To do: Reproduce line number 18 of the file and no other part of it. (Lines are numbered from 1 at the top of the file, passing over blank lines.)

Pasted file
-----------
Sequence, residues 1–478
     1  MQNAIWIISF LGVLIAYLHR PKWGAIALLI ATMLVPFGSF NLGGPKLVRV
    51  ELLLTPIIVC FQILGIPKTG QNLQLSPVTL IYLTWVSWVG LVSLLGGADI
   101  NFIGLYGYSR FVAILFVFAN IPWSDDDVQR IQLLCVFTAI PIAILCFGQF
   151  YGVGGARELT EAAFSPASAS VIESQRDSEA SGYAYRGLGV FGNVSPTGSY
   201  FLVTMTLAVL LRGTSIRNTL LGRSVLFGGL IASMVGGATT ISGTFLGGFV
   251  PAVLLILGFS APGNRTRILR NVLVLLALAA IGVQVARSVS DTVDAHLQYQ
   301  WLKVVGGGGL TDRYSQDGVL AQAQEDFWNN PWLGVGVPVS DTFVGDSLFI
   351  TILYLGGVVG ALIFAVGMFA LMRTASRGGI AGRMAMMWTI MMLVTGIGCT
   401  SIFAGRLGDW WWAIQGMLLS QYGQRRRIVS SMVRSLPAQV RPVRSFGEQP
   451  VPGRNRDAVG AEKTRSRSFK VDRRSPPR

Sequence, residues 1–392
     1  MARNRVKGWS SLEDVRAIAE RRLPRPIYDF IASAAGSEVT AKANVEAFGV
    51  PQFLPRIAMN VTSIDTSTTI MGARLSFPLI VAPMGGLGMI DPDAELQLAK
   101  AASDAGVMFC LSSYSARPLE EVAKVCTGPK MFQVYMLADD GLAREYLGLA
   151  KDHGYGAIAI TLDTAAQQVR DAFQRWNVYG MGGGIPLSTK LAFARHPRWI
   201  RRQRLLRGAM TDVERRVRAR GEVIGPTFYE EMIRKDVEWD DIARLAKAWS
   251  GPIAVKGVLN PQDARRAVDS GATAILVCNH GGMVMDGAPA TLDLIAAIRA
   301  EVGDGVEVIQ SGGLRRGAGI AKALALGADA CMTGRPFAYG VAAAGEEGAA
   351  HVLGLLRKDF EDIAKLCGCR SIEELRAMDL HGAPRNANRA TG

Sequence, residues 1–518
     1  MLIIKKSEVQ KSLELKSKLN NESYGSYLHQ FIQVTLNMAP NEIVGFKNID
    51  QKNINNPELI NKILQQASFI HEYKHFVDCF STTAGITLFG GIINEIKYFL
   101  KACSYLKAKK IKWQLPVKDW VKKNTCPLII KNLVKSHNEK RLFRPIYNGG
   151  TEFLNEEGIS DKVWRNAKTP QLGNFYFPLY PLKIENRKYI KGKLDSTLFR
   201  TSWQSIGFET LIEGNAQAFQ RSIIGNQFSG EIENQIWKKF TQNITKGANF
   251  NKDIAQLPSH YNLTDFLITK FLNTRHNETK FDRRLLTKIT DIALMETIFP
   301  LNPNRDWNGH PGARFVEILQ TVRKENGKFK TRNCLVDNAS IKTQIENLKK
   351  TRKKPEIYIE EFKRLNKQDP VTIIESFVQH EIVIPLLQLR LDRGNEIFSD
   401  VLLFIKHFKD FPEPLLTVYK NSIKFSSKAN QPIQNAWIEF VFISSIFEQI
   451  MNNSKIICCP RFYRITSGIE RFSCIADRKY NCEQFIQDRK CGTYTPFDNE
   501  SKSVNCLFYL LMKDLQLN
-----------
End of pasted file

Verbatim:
   251  GPIAVKGVLN PQDARRAVDS GATAILVCNH GGMVMDGAPA TLDLIAAIRA